Published July 02, 2023
Our daughter once said, “If you’ve done it, it is not bragging.” That's very true when advocating for yourself at work. But self-advocacy is not natural for most people. Tooting your own horn is uncomfortable for most people because we have been taught to play nice in the sandbox. But when you are looking at career advancement, these qualities can play against you. According to NetWerkMovement, “Self-advocacy is about showing up for yourself.”
So what is self-advocacy? It is standing up for yourself, promoting your ideas and demanding your worth. It means speaking up and promoting your best interests. It’s about being your best ally.
How do you go about advocating for yourself, especially if you are a woman in the workplace? Globally women only hold 31% of senior management positions globally, according to NetWerk Movement.
Know your strengths. Do a self-assessment analysis. What are your personal strengths and weaknesses? Know what they are, play to your strengths, promote them and take actions to shore up the weaknesses.
Know the value you bring to your organization. Along with a skills assessment look at what you personally
contribute to your organization that others do not. It might be leadership. It might be a solutions-based approach to interpersonal relations. It might be a unique understanding of your customer base and how to convert believers into fanatics.
Be visible. Sometimes doing the right thing at the right time is not enough. You have to have an influencer see it, notice it or be aware of the action. Take on highly visible projects, share your knowledge with other team members or report on the results of a project so you are noticed as the core driver of the results.
Find a champion. Identify and cultivate an influencer in your organization who will advocate for your great work when you aren’t in the room so that others see your value to the organization through someone other than you.
Positivity. Believe that you deserve to be noticed and advanced for your ability to move the organization forward. It all begins with a mindset of positivity. If you are convinced you are worthy of recognition then others will believe it too.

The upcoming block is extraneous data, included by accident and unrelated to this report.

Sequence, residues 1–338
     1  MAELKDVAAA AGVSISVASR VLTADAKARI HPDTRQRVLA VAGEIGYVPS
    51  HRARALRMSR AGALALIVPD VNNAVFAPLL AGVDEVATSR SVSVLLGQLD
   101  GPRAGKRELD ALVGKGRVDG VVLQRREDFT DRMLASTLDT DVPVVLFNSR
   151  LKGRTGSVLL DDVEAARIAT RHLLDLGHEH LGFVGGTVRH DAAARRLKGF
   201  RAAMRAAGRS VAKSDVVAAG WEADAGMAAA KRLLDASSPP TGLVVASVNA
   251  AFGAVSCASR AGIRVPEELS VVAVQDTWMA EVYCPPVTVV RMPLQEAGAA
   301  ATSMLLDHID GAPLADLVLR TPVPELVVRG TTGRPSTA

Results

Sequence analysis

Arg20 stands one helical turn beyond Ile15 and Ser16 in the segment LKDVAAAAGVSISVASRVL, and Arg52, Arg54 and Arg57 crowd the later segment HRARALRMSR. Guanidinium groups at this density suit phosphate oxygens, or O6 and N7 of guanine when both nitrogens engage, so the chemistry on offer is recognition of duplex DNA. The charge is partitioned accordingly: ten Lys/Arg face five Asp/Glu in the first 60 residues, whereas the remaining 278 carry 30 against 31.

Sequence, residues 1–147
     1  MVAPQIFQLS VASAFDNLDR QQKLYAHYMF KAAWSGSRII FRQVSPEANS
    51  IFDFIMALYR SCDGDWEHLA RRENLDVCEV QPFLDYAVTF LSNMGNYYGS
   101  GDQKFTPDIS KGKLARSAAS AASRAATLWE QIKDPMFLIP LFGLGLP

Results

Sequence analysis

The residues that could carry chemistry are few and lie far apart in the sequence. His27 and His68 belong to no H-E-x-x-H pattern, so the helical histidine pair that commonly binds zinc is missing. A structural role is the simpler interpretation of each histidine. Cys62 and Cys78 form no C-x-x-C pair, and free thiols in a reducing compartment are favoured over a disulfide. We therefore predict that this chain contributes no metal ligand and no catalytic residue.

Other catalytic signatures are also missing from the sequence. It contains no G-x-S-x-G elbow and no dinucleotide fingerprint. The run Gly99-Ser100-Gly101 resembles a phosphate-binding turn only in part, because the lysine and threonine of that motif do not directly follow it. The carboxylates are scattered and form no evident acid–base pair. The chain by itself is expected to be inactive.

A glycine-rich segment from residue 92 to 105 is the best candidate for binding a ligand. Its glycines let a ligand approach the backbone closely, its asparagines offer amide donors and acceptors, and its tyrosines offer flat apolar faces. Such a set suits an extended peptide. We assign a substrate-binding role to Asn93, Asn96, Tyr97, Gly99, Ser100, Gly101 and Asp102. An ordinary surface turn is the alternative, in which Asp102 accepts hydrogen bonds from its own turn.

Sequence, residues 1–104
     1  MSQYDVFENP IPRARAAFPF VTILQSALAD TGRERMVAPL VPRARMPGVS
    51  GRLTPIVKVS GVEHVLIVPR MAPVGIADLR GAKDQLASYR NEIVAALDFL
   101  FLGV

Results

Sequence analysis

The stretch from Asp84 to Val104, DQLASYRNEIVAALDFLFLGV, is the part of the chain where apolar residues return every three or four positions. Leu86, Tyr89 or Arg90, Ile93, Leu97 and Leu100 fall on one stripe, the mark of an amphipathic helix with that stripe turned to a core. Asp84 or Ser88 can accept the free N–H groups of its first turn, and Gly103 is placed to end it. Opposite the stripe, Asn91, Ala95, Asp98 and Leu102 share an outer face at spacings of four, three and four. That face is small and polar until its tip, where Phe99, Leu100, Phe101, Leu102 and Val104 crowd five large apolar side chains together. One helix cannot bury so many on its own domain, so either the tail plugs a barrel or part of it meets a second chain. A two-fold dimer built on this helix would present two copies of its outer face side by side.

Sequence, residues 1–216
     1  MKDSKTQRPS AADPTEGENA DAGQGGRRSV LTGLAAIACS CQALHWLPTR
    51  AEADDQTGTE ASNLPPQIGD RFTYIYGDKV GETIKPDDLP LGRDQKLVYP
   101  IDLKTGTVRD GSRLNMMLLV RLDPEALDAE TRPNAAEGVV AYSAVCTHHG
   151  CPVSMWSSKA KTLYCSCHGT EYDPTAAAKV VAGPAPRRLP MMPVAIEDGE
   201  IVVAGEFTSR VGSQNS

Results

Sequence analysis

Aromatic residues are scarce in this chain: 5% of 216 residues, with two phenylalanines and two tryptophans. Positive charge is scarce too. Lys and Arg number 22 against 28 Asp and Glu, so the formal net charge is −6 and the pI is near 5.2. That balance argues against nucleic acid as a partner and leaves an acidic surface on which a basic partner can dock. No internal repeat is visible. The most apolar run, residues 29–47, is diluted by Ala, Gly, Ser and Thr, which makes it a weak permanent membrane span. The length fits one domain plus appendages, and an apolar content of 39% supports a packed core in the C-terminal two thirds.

Ask for what you want. In sales, it is often said if you don’t ask for the order, you don’t get it. If you don’t ask for what you believe you deserve you won’t get that either and you need to be shameless about it. And, it might take more than one request to capture the decisionmaker’s attention. Be strategic about when you ask and what you ask for. Don’t give up.
Seek feedback and track your successes.
You need to know your value in order to advocate for yourself. Set your objectives and track the results. NetWerk Movement suggests a “brag book” to help focus your accomplishments. A brag book is a journal that helps you keep track of your results, compliments and achievements.
Become a knowledge leader. When you are the go-to person in your organization due to having and displaying expertise in a specific area, then you are advocating for yourself every time a situation arises where you can provide a solution to a problem. This requires branding yourself as the resident expert in whatever specialty you have chosen. Make sure other team members are aware of your expertise.
To become a knowledge leader one needs to be a lifelong learner by engaging in professional development every day. When you are up-to-date on industry trends and potential strategies and tactics that can be employed, you are showing your commitment beyond the expected. Your personal credibility is enhanced by learning something new every day.
Be honest in your communications. You can only build your credibility by being honest and forthright in your communications. When asked for your opinion on a subject, build your personal credibility by being honest.
Lastly, seek feedback. When building your personal brand, getting feedback from others is an important ingredient since we don’t always see the positives and negatives in our personal interactions and decorum. Then, build upon the feedback to make improvements one step at a time.
Advocating for yourself is a skill that needs to be developed by everyone who wants more from their work experience rather than leaving their career to chance. Self-advocacy is not self-promotion. It is a way to position yourself to create positive relationships and become a contributing member of your organization.
Contributed by Marc L. Goldberg, Certified Mentor, SCORE Cape Cod & the Islands. www.score.org/capecod, capecodscore@ scorevolunteer.org, 508-775--4884. Source: Leslie G. Cohen, COO, Davis Companies, 10 Powerful Self-Advocacy Examples for the Workplace, NetWerk Movement